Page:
December I: planning 2018

Now that the season is pretty much over, my thoughts turn to planning 2018.

In my case that will involve minor tweaks to the composting and biodynamic spraying and a new plan for sowing. I am going to try a few experiments using precision square foot planting, sowing 50cm*50cm squares with crops for harvest at particular dates, to generate continuous small harvests rather than a few gluts.

I will only do this on one of my four main beds, leaving space for potatoes, squash, onions, PACA lettuce etc.

The crops I would like small regular harvests from during summer include: salad carrots, spring onions, dwarf beans, beetroot, young leeks, turnip, fennel, chard, mange touts, celery, spinach, radish and early potatoes.

Little and often harvests in autumn will include: fennel, endive, radish, turnip, chicory leaves, pak choi, rocket, cavalo nero, chard and carrot.

New crops for 2018 will include Borlotti beans, brussels sprouts and chicory hearts.

To help in the planning I have ordered two calendars:

1) The 2018 Maria Thun Biodynamic Calendar (ISBN 9781782504313)

2) Nick Kollerstrom’s 2018 sowing and planting lunar calendar (ISBN 9780572046941)

Author: Rhys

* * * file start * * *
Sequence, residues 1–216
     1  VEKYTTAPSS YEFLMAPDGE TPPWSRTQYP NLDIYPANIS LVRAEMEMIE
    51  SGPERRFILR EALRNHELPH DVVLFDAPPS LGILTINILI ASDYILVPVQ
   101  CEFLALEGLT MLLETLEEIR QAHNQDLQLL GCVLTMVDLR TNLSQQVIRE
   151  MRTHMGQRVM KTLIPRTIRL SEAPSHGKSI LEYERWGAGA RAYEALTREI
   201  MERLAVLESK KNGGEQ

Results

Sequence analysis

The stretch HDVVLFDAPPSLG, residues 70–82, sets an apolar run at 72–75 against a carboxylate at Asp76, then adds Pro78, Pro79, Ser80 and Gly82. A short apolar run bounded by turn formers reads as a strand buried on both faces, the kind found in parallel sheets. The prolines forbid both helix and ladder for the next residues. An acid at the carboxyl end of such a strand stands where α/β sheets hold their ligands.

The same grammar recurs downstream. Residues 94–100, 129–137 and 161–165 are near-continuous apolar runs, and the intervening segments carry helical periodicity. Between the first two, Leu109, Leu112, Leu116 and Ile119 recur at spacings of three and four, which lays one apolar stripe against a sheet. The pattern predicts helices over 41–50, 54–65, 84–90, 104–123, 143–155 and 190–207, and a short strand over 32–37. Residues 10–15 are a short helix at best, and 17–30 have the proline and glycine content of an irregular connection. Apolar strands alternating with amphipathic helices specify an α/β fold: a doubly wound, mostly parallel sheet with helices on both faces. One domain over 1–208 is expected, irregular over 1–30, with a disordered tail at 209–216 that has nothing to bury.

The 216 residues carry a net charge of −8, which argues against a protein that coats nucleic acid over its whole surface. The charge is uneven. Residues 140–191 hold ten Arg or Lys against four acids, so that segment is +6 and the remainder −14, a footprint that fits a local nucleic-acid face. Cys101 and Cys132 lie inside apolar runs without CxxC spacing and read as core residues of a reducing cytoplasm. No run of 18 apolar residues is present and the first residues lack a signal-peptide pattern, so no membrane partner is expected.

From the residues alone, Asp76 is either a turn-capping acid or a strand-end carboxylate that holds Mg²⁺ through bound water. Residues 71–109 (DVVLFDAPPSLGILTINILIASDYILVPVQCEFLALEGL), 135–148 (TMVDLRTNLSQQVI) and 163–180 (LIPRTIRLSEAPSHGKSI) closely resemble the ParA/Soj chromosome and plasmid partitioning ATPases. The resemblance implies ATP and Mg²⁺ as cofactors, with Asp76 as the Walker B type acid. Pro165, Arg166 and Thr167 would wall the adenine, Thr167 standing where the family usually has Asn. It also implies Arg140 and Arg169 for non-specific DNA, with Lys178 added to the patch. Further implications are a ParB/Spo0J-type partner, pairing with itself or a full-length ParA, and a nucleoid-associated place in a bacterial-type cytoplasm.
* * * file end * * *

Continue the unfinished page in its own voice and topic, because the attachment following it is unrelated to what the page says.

Rhys trained as a research biologist, working for a decade in the cancer research charity sector, before completing an MBA and working in management consultancy, technology transfer and early technology investment spaces, mostly working with UK academics to turn their scientific discoveries into value for society. AS a younger man, he was fascinated with mountains, both climbing them and ski-ing down them. Whilst living in Scotland, he completed a round of (then) all 277 Munros, the independent mountains over 3000ft originally complied as a list by Munro. He also spent his holidays representing the Ski Club of GB, as a Representative and Party Leader between 1990 and 1997. During that time, he found to his bemusement that he was able to predict, without understanding fully why, to a remarkable degree of accuracy, when good snow conditions would occur in the Alps, gaining an unworthy reputation for predictive genius in 1990 when predicting the evolution of the 1989/90 winter in Wengen, Switzerland for his CEO boss. He used this skill for the next seven years to ensure that he enjoyed powder snow pretty much every time he went ski-ing. An MD student he was training in Oxford also impressed his wife by taking Rhys' advice about when to take her to Italy in the mid 1990s! In recent years, Rhys has turned his mind toward how to grow prize tomatoes, winning several prizes in local and London shows and has, in the past 3 years, moved toward taking over a 50 square metre urban vegetable patch, which he has turned into a no-dig area since autumn 2014.

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